Professor Matthias H. Tschöp received his M.D. from Ludwig-Maximilian University of Munich, where he also trained as a physician in internal medicine. In 1998 he accepted an invitation for a postdoctoral fellowship at the Eli Lilly Research Laboratories in Indianapolis, USA, before returning to Europe in 2002 to establish his independent research laboratory at the German Institute of Human Nutrition (DIfE) in Potsdam. He later returned to the United States where he joined the University of Cincinnati to ultimately serve as the Director of the Diabetes and Obesity Center of Excellence and Arthur Russell Morgan Endowed Chair of Medicine. In 2011, Professor Tschöp accepted the position of Scientific Director of the Helmholtz Diabetes Center at Helmholtz Center Munich and was named Chair of the Division of Metabolic Diseases at Technical University of Munich. Professor Tschöp is the first German physician to receive the prestigious Alexander von Humboldt Professorship (2012). He was elected into the German National Academy of Science (Leopoldina) in 2013 and in 2012 was named adjunct Professor at Yale University, USA. He started the peer-reviewed open access journal Molecular Metabolism, which he leads as the Editor-in-Chief (2016 impact factor: 6.8). In 2016, Matthias Tschöp received an honorary doctorate of the University of Leipzig and was named Director for Biomedicine of the Helmholtz Pioneer Campus in Munich, which he co-founded.

Dr. Michael TROWER, KaNDy Therapeutics Ltd, UK

Reducing the Heat with Neurokinin Antagonism; A New Non-Hormonal Approach for Treating Hot Flashes

Mike Trower is Chief Scientific Officer of KaNDy Therapeutics a company dedicated to developing breakthrough treatments for debilitating Women’s Health conditions. He has more than 25 years’ drug discovery and development experience in the pharmaceutical and biotechnology industries. Prior to KaNDy, Mike worked at GlaxoSmithKline, where he was Head of the External Drug Discovery Group in the Neurosciences Division.  He has broad expert knowledge of neurokinin receptor system biology and in particular how it relates to KNDy neuronal activity.  Mike has a BSc (Hons) and a PhD in biological sciences and held post-doctoral positions in DuPont Inc. in Delaware, US and the Medical Research Council in Cambridge, UK under the Nobel laureate Professor Sydney Brenner.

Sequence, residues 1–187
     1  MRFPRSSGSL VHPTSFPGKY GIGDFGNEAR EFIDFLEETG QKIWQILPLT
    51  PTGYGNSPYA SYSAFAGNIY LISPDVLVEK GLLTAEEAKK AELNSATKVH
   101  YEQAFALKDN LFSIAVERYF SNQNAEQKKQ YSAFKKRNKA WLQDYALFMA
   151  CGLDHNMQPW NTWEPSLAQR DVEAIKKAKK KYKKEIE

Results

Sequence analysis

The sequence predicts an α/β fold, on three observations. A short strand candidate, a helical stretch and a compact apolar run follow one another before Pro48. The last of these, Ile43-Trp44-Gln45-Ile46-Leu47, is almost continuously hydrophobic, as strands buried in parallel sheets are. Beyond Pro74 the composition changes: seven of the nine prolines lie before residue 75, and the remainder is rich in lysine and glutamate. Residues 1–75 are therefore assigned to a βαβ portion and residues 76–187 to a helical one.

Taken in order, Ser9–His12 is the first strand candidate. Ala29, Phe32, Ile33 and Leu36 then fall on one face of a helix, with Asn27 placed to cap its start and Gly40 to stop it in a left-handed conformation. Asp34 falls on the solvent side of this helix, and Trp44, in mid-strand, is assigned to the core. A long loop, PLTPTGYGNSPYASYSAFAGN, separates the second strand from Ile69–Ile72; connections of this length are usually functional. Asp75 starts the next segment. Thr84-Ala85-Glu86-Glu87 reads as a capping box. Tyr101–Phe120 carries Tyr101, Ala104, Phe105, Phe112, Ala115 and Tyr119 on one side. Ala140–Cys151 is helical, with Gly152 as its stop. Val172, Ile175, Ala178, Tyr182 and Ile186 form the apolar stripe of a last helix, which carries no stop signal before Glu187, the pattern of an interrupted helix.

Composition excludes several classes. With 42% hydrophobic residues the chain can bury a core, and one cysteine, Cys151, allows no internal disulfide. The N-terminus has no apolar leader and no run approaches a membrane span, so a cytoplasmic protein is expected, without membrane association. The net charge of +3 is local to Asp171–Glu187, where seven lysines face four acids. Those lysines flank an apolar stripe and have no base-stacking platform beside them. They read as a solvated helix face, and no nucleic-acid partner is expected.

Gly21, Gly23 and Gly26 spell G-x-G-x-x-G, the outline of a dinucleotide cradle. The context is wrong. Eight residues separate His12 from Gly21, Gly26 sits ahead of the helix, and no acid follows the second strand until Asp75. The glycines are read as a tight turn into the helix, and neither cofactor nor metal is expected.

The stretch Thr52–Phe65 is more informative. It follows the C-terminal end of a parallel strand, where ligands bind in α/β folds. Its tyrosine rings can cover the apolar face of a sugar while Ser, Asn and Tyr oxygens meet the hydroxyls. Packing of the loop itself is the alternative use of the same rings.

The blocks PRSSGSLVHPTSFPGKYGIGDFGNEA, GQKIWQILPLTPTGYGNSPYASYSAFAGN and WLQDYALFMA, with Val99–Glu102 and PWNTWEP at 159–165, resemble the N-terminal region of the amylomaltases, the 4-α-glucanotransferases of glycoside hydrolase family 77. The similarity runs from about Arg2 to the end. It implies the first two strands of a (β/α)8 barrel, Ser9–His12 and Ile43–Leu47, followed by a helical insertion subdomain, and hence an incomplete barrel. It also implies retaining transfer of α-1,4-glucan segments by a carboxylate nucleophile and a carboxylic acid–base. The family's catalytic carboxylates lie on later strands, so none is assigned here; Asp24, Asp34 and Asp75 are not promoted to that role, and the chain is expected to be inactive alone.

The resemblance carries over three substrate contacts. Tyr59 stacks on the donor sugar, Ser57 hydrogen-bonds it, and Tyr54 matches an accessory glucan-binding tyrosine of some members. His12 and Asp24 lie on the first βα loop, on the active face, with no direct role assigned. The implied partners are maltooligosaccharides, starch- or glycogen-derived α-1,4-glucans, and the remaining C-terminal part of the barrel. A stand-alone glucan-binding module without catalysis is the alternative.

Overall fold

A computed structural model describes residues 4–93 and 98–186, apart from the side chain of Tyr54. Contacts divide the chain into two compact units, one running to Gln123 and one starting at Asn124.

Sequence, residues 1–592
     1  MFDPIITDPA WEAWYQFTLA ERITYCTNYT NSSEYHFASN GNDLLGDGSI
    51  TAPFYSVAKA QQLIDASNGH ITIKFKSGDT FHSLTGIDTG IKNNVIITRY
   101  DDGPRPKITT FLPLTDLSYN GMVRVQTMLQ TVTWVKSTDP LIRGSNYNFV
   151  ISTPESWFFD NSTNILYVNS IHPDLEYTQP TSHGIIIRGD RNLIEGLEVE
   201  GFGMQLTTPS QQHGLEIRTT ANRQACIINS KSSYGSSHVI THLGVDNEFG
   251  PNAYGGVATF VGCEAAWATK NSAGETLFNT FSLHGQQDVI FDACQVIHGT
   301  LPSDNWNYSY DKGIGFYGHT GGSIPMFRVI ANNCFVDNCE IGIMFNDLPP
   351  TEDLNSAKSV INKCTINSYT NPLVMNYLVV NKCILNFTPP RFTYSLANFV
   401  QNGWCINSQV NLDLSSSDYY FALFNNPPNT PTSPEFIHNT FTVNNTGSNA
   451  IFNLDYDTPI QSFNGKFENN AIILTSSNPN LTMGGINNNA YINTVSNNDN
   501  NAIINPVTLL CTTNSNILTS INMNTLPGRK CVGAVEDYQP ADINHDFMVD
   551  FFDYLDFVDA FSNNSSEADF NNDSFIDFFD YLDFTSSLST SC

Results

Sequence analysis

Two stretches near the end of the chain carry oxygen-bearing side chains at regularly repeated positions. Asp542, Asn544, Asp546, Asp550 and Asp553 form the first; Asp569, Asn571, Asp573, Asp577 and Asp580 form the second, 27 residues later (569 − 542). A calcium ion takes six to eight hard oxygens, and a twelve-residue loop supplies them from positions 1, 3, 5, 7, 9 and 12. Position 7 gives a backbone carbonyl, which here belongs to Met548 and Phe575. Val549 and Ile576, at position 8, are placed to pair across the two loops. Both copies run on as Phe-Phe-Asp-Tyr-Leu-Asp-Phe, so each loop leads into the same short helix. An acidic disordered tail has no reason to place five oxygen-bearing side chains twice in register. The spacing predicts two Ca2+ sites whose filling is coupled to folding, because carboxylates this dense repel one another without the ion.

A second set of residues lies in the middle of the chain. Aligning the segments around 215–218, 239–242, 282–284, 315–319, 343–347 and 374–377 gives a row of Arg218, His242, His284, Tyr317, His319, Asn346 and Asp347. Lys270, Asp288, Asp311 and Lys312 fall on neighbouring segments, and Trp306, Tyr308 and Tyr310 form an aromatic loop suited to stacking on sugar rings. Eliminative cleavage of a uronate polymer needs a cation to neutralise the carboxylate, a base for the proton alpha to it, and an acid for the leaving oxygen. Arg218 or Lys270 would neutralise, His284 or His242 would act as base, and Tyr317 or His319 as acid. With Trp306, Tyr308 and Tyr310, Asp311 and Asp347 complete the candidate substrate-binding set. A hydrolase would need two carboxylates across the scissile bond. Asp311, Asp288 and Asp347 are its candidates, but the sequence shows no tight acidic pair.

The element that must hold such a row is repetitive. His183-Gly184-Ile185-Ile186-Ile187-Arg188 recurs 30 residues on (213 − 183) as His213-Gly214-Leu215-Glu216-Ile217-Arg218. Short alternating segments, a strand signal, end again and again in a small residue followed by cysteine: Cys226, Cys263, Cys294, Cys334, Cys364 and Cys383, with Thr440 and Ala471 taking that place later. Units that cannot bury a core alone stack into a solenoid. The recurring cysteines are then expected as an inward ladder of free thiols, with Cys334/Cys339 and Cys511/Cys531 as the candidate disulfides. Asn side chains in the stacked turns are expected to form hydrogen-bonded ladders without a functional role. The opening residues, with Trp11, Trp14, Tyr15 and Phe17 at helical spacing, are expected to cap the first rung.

Dr. Stephen BETZ, Crinetics Pharmaceutical Inc, USA

Novel Orally Active Somotostatin Analogs

Stephen F. Betz, Ph.D., is a co-founder and the Vice President, Biology of Crinetics Pharmaceuticals. Previously, from June 2003 to May 2009, he was Director of Endocrinology and Metabolism at Neurocrine Biosciences, Inc., where he worked on the discovery and development of nonpeptide modulators of endocrine targets, including GnRH receptor antagonists, leading to the clinical development of elagolix. Prior to Neurocrine, from 2001 to 2003, he led laboratory efforts at GeneFormatics, Inc., and from 1996 to 2000, he worked in pharmaceutical discovery at Abbott Laboratories, including structure-guided drug design, assay development, and compound screening in the Research Nuclear Magnetic Resonance Group focusing on anti-infective and oncology targets. From 1993 to 1996, he worked at the Dupont Merck Pharmaceutical Company focusing on protein engineering and de novo protein design. He holds a B.S. in chemistry from the University of Delaware and a Ph.D. in chemistry from the University of North Carolina at Chapel Hill.